College Road Trip (G)
Martin Lawrence is an overprotective Chicago dad trying to hang on to his Georgetown-bound daughter in College Road Trip, a thin family comedy that doesn’t offer much to the families that might watch it.
Chicago police chief James Porter (Lawrence) has always wanted his daughter Melanie (Raven-Symoné) to go to Northwestern University. He figured out when she was a baby that he could get to the school from his home in less than 30 minutes — key to his plan to continue to watch her like a hawk. But Melanie isn’t so keen on sticking close to home; she wants to go to Georgetown University and enter a pre-law program that could eventually take her to Japan for a semester. She gets one chance to impress the Georgetown admissions board and decides to join her friends on a road trip east. Chief Porter, of course, is having none of that. He decides to drive her himself (with a side trip to Northwestern, naturally) in hopes of finding a way to change her mind. Daddy and daughter hit the road, clearly set to drive each other nuts, when they discover even more of the family is along for the ride — younger brother and science nerd Trey (Eshaya Draper) and his freakishly smart pig have smuggled themselves into the SUV.
Yeah, that’s right, “freakishly smart pig.”
A good G-rated movie is hard to find. Heck, a mediocre doesn’t-give-the-parents-headaches G-rated movie is hard to find. So I appreciate movies that the whole family can watch together. But in the case of College Road Trip, I can’t imagine who in the family would want to watch. Despite the pig, the movie is too focused on the dad-daughter relationship to satisfy slapstick-hungry elementary schoolers. But this is a little-kid-proof comedy, not Juno, so there is little in the way of real parent-kid relationship humor that would make this movie interesting to adults. This is a movie full of the most benign 8 p.m. sitcom situations but we don’t have the kind of history with the characters that we would with the weekly TV show.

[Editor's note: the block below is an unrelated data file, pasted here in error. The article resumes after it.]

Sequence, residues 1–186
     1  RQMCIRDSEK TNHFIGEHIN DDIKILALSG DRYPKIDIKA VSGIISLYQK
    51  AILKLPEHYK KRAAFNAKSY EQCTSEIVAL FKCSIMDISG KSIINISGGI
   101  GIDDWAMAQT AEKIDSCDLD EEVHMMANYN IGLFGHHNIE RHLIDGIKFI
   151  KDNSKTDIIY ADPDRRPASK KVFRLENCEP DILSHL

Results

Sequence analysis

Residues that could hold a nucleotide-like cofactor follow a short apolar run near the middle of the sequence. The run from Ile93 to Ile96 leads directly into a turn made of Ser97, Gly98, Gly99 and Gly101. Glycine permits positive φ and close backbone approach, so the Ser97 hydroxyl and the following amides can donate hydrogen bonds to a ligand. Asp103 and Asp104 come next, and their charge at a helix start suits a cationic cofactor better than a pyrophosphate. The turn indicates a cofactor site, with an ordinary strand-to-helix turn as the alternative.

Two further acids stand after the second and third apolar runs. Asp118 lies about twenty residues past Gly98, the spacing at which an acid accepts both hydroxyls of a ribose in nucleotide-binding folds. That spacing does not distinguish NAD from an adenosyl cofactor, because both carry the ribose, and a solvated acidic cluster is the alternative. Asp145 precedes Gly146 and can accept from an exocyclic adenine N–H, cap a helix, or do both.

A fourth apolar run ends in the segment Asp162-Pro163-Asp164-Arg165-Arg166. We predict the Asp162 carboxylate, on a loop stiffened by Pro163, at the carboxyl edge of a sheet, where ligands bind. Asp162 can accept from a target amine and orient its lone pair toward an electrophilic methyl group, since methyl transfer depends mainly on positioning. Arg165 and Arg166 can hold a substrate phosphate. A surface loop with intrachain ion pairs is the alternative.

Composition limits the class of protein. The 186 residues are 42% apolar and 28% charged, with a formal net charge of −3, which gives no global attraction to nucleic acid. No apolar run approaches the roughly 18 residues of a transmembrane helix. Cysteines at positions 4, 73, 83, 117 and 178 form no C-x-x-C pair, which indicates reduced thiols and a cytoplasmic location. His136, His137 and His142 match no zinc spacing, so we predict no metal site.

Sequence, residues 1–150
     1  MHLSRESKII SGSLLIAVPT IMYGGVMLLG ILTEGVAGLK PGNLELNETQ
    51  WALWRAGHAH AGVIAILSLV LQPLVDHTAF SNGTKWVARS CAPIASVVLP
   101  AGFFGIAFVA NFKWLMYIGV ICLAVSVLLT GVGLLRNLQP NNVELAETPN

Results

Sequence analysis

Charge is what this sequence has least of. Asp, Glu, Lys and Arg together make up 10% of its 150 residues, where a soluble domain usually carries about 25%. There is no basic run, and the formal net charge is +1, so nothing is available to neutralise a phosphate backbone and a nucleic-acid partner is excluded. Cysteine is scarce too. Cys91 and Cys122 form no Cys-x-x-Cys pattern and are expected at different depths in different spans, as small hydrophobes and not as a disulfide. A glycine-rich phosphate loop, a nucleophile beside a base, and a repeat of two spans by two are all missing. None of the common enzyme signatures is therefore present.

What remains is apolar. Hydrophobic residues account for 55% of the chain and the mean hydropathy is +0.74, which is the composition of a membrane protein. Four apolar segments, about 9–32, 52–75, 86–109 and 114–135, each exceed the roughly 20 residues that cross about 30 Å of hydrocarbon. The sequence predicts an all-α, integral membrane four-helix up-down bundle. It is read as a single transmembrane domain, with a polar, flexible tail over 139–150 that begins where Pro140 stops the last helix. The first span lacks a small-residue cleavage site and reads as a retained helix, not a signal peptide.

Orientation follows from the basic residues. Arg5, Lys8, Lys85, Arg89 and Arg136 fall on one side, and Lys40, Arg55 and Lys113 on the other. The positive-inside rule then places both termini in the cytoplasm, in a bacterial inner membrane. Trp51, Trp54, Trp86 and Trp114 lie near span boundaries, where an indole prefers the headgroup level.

Were this a TV show, it might actually work as the kind of family comedy that people always claim they want. Lawrence is pleasant enough and so is Raven-Symoné. They have decent enough parent-child chemistry — both of them having come from TV comedy environments is probably what makes them particularly deft at mixing real-enough emotions and rubber-faced reactions. Were a network to schedule this show for, oh, let’s say 8 p.m., followed by maybe Everybody Hates Chris and Aliens In America (two other family comedies — together you’d have three half hours that get progressively smarter and older in humor), I could see coming to tolerate and perhaps even enjoy the Porter family. Raven-Symoné looks a little more like a normal girl than the Barbies of Gossip Girls. (I know it can seem cheap to comment on a young actress’s appearance or weight but it really is refreshing to see a high school girl character who isn’t stick thin and dressed like a dancer in a music video.) Porter mom Kym Whitley seems like an actress who wouldn’t vanish into a standard sitcom mom role of exasperated sighs and weary looks. There’s even hope for the one-dimensionally nerdy Trey and his pig. (I’m going to completely ignore the comic relief role of even-more-eager-parent filled by Donny Osmond. It’s for the movie’s own good.)
But that would be on TV, where you can build these characters into people with back stories and personalities. Here, there’s no time to make us really care so the movie falls back on broad jokes and aggravating slapstick. College Road Trip feels like a movie that went out of its way to please everyone and thusly will please no one. C-
Rated G. Directed by Roger Kumble and written by Emi Mochizuki, Carrie Evans, Cinco Paul and Ken Daurio, College Road Trip is an hour and 23 minutes long and is distributed in wide release by Buena Vista Pictures.